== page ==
The tragedy of Mary Jane Veloso: History repeats itself in a terrible way

Mary Jane awaits fate in an Indonesian court in March 2015. Photo:

Mary Jane awaits fate in an Indonesian court in March 2015. Photo:

Today, April 27, at 6 p.m., Bayan USA is calling on concerned Filipinos in the New York area to join a candlelight vigil outside the Indonesian Consulate on 5 East 68th Street, between 5th and Madison avenues. It would be a matter of hours before Mary Jane Veloso’s execution on April 28. To those who may not be aware of this latest tragedy to happen to Filipino domestic workers, we are publishing an article from, a content partner of The FilAm. The article succinctly examines why, in the aftermath, there will be blood on everyone’s hands, including the “government for not doing enough, and on us for caring too late.”

By Ryan Gajudo Macasero

She sits in her cell alone on the prison island of Nusa Kasambangan in Indonesia, far away from her home and her family in Nueva Ecija, Philippines. But Mary Jane Veloso is not afraid.

In her cell, on execution island, she waits. While she is waiting and hoping to hear that she will be set free, she may also be waiting to hear that she will die. Mary Jane claims to be the victim here – a victim of circumstance and a devious recruiter. She remains steadfast in her innocence – and will continue to do so until the bitter end.

This is the tragic, but all-too-familiar story of Mary Jane Veloso. It is an instance of history repeating itself – and in the most terrible way.

Veloso has been waiting to tell her story for the past five years. But in the next 24 hours, the Filipina accused of drug smuggling in Indonesia – who was sentenced to death by firing squad – could take her last breath staring down the barrels of 12 guns. Veloso, who has been on death row in Indonesia since 2010, said she was set up by her recruiter, Maria Kristina Sergio, in Malaysia. Sergio told her to go to Indonesia for a week, where she was caught with drugs sewn into her bag.

So why only now are we finding Veloso worthy of headline space? Would she have received the same attention if she wasn’t in prison with the Australians and French? Perhaps not. But we know that Veloso’s story is far from new.

In 2013, another Filipina was executed in China for drug smuggling. Until today, we don’t know her name (at her family’s request). And most of us likely don’t care to remember.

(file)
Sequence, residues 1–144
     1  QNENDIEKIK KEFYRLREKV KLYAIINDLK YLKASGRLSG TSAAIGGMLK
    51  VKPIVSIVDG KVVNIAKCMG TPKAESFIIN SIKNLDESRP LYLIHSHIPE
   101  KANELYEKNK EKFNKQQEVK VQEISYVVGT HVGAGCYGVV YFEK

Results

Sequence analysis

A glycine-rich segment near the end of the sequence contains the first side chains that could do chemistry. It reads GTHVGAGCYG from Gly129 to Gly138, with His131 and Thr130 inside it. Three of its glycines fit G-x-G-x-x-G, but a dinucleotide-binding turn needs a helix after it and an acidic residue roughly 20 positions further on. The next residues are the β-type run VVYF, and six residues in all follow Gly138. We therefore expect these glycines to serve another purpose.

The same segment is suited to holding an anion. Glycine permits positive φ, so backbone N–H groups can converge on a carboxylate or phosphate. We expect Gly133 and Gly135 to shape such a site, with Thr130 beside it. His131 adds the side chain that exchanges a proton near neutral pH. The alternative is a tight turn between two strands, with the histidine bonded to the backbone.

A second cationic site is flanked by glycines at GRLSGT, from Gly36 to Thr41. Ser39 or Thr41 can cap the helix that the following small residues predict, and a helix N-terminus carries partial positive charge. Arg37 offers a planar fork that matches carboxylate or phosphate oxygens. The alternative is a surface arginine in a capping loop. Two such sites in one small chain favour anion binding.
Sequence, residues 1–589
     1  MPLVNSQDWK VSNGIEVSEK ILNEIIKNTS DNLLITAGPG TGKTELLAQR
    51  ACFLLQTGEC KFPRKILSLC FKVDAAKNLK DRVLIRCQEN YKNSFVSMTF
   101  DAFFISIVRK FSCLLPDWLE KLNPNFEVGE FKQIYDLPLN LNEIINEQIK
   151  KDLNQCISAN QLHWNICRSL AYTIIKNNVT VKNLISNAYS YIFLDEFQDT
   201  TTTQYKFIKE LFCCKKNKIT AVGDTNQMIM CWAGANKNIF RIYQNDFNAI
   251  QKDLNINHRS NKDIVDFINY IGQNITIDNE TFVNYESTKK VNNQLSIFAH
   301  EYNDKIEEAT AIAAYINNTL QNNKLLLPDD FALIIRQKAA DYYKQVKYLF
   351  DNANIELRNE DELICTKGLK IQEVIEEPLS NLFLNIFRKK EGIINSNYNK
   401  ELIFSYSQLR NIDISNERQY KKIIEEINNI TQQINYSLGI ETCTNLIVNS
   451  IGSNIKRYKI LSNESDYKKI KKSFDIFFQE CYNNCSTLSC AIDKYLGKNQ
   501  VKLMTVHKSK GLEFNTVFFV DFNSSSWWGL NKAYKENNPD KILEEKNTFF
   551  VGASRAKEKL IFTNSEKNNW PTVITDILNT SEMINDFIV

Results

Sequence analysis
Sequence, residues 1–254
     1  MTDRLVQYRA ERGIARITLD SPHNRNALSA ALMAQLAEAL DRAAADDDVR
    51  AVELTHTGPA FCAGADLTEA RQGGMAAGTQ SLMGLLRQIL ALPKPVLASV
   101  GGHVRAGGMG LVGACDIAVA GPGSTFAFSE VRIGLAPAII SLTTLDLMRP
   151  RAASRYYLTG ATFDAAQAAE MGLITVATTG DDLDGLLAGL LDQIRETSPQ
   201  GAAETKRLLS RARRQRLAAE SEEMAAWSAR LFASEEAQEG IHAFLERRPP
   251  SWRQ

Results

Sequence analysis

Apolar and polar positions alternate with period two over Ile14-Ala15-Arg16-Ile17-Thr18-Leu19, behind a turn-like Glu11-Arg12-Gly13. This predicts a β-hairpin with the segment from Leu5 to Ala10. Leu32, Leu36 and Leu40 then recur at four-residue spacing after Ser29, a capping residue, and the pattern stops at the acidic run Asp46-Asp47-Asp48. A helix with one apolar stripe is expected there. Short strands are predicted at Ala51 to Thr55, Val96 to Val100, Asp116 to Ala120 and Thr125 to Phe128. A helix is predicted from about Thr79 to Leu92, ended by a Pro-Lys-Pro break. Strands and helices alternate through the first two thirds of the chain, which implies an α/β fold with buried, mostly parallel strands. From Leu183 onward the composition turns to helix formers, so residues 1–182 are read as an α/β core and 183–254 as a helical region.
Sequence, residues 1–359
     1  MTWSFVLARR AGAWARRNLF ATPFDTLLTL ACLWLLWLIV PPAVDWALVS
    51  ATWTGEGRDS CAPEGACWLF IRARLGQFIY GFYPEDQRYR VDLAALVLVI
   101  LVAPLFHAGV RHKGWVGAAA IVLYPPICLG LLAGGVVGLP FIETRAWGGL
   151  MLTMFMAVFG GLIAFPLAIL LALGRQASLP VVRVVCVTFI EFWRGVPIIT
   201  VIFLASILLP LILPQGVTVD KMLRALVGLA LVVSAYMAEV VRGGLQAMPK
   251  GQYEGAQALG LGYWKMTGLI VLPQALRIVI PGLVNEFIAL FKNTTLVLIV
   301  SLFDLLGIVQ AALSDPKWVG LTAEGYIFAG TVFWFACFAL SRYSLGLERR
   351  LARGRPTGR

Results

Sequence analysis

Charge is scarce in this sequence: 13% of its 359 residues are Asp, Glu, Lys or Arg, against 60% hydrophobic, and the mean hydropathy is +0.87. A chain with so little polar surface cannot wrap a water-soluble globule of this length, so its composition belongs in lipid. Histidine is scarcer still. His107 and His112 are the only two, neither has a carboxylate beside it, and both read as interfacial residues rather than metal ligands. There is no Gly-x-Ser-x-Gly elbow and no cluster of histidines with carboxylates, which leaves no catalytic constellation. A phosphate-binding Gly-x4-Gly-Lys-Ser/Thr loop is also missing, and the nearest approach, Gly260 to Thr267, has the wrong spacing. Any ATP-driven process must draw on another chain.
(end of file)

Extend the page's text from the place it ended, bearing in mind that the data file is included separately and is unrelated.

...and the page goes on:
And almost 20 years before that, another Filipina by the name of Flor Contemplacion – who is now the most famous Filipina ever executed – was killed in Singapore. A domestic helper in the city state, Contemplacion was accused of murdering a fellow maid and her ward in Singapore. At the time, concerns were raised about the questionable evidence presented in the case and lack of support from the Philippine government. The Ramos administration was accused of waiting too long, not doing enough, and ultimately, letting Contemplacion die.

While much has changed over the past 20 years, one thing remains clear: The Philippines still has yet to learn its lesson.

After April 28, Veloso will be the 8th overseas Filipino executed under the Aquino administration. That’s two more than his predecessor Gloria Macapagal Arroyo. According to Migrante International, there are at least 123 Filipinos sitting on death row in various countries abroad.

So why the alleged P50 million in legal assistance funds for OFWs remains unused, as well as the government’s continued slashing of assistance funds for OFWs since 2010, is incomprehensible.

But our government officials – and even our media – have a spectacular sense of timing, waiting days before a citizen will be executed, to move.

Government’s last-minute responses to OFW executions are becoming predictable templates:
1. A week before execution, send a high-level official to the country where OFW is detained.
2. Look concerned and tell the public that he or she will do their best to free the Filipino, only to say that they did all they could and it’s too late.
3. Offer condolences and financial support to loved ones.

Veloso’s lawyers said they had requested the Philippine government numerous times, over the course of the past five years, to investigate Sergio.

But it was only on April 24 when the Department of Foreign Affairs (DFA) announced that Sergio would be facing charges of illegal recruitment, estafa, and human trafficking.
And by the time they discovered if the recruiter indeed set her up, Mary Jane could already be long gone. What if the courts find that Veloso was, in fact, set up? That she was indeed the victim of a nefarious recruiter?

While avoiding drugs and following the law is a personal responsibility, Veloso’s case highlights a collective failure in Philippine society. As long we are unable to provide good jobs at home, Filipinos will continue to be victims of the scourge of drug and human trafficking.

And Veloso’s blood will then be on everyone’s hands: On the recruiter’s for setting Veloso up, on the government’s for not doing enough, and on us for caring too late.
So this time we must learn our lesson, and we must not forget. To honor Mary Jane Veloso is to ensure that this sad tale of an OFW on death row will be the last.

Ryan Macasero is the BalikBayan editor at This article is being republished with permission.

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